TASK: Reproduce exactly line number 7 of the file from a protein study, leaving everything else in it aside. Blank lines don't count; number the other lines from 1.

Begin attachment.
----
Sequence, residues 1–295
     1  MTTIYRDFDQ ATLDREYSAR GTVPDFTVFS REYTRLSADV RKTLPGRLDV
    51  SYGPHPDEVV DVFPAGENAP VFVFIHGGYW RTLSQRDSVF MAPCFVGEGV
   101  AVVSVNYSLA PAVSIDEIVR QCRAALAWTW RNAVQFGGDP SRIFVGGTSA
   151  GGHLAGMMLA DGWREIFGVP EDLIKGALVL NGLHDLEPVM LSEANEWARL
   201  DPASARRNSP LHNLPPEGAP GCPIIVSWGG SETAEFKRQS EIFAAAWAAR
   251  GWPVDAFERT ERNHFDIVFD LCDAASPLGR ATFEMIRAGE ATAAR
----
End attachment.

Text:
   251  GWPVDAFERT ERNHFDIVFD LCDAASPLGR ATFEMIRAGE ATAAR